At the NDT conference I often referred to the concept of “emotional momentum.” For example I mentioned that Pushing teaches the dog he can transfer emotional momentum to the owner, most especially his stress reserves, and conversely, Collecting teaches the dog he can absorb emotional momentum from others, most especially, even their stress reserves. The notion of emotional momentum is one reason I am a critic of modern learning theory which holds that reinforcements are causal to learning, and Neo-Darwinism which holds that random variability between traits is causal to evolution. Neither of these take the phenomenon of emotional momentum into account.
The first order of learning is addressing the matter of emotional momentum (emotion always travels from the predator to prey polarity, this is innate, a feature of consciousness that can not be affected by reinforcements or vary randomly between organisms) and thus the first traits through which any behavioral system can evolve are the predator and prey duality rather than a plethora of traits that vary randomly. So below is a closer look at the dynamic of emotional momentum to both place it in a more familiar context of human behavior as well as emphasizing how the core exercises central to NDT help a dog deal with the problem of emotional momentum.
All interactions, no matter the participants, the nature of their relationship or the overall context, at rock bottom represents an exchange of emotional momentum. When emotional momenta are sorted out, then physical actions follow coherently. This is why even high brain activity is nevertheless modulated by the motor circuitry. Momentum, motion, is the substrate of all activity be it physical or mental. So before an interaction can proceed first a direction of flow must be apprehended so that one party is going to transfer momentum and the other is going to absorb it. (This has to date been misinterpreted as dominance and submission in a linear hierarchy, and more recently as dominance and submission in a more limited sense of access to resources. In reality predator polarity is the projection of emotion, the preyful polarity is the absorption of emotion.) And so the central question of sociability is whether or not a given participant can absorb the other’s momentum. If the mechanics of transfer are not clearly delineated then flow can’t happen and survival instincts will take over.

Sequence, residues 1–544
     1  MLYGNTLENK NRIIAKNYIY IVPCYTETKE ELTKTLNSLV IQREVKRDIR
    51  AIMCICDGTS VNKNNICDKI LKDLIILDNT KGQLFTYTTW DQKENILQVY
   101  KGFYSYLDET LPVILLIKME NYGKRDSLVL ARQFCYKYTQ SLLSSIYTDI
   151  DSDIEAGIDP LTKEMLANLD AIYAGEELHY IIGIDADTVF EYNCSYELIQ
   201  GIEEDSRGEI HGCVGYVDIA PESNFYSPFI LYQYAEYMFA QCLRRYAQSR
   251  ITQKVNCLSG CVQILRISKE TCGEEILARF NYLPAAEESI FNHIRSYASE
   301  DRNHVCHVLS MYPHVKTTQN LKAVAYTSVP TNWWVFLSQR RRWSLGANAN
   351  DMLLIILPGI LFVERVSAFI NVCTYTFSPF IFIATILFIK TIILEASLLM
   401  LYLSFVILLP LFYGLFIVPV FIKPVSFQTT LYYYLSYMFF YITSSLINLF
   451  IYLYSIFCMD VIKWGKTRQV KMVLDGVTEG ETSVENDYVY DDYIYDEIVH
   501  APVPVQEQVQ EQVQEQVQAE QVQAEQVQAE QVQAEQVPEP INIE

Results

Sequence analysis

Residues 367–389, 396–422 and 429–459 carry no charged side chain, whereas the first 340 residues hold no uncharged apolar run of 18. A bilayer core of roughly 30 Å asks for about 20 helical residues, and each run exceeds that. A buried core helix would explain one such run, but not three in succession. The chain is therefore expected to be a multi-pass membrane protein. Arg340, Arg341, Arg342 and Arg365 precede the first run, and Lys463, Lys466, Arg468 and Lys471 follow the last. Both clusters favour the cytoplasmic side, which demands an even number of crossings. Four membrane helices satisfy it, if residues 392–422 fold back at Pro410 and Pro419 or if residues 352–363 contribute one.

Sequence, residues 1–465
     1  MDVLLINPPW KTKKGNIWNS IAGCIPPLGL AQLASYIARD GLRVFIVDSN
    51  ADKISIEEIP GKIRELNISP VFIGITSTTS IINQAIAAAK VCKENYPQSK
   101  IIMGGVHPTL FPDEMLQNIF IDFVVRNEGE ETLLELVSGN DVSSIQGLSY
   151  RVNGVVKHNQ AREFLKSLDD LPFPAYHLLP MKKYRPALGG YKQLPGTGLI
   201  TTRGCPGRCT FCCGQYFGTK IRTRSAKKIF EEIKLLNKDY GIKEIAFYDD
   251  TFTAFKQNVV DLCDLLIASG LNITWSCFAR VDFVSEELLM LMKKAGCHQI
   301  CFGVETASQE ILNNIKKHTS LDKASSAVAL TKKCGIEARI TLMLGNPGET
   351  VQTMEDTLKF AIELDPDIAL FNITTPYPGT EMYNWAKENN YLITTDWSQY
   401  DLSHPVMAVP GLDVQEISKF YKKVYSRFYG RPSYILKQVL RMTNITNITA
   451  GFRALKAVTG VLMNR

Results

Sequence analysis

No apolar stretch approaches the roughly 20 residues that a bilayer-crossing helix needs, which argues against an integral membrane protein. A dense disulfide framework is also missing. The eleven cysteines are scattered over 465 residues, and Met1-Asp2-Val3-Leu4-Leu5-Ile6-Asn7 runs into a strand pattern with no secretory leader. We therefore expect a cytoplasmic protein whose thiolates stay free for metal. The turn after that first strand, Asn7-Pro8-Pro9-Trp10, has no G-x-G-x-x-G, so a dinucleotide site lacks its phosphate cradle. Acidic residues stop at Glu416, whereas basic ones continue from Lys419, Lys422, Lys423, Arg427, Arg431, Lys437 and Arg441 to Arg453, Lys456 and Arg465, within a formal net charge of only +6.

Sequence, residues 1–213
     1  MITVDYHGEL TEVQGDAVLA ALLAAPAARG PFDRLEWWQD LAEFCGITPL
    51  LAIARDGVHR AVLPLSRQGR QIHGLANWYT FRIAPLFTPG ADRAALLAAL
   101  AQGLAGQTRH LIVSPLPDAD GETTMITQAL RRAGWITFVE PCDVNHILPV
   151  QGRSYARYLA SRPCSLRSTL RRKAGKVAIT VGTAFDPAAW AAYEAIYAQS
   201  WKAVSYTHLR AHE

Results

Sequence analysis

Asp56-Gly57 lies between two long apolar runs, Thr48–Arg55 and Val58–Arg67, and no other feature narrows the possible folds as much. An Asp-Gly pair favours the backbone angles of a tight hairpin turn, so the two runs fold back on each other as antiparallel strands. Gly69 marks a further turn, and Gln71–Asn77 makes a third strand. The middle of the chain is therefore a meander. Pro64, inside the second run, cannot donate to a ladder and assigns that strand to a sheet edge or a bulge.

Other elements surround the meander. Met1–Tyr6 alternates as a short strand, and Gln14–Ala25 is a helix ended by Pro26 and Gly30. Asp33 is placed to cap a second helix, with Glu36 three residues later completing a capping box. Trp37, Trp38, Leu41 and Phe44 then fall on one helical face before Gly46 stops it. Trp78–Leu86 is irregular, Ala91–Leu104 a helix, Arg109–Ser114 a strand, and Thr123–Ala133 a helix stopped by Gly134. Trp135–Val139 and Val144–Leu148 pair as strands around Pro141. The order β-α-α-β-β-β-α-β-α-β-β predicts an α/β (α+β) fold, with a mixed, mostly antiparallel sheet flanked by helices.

What do I mean “absorb momentum?” It’s exactly the same as being willing to listen to someone in a conversation. When someone speaks, a receptive listener nods their head, says “uh-huh” and gives other indications that they are listening, i.e. absorbing. The speaker has energy to give, a listener must absorb this momentum in both their body and their mind. On the other hand when someone is boring or noxious the listener closes down and no longer absorbs their momentum, or they might interject and project right back out of turn and so the conversation either overheats or shuts down altogether. Ideally however if each participant synchronizes when they project and then absorb, and to the respective capacities of the parties involved, then they are aligned along a common line of flow, i.e. keeping the conversation going. In this case there is a back-and-forth and an up-and-down style of conversing that can continue to elaborate to a higher and higher level of energization and which feels gratifying to both parties because they are equally participating in the construct of that wave.
Why would one individual want to absorb another’s momentum? Because emotional momentum is energy and it feels good to be energized. Why does it feel good?—by which I mean–How does it feel good? It feels good when the absorption of momentum is experienced through the hunger circuitry. In other words, all emotional experiences of flow are supplied by the physical memory of ingesting food, most especially the warm fluid of mother’s milk coursing down the alimentary canal filling the void of natal hyper-hunger and thus calming the hyper-active nervous system that in the earliest phase of life has absolutely no capacity to deal with stress. This state of calmness, front end connected to hind end through the flow of energy, i.e. flow of nutrient (and then the physical memory of the flow of nutrient) is next correlated with smooth locomotive action as the developing organism masters the movements required in getting to things it wants, i.e. things it wants to put into its mouth. So the hunger circuitry is co-opted to continually render the sense of emotional grounding even in complex interactions.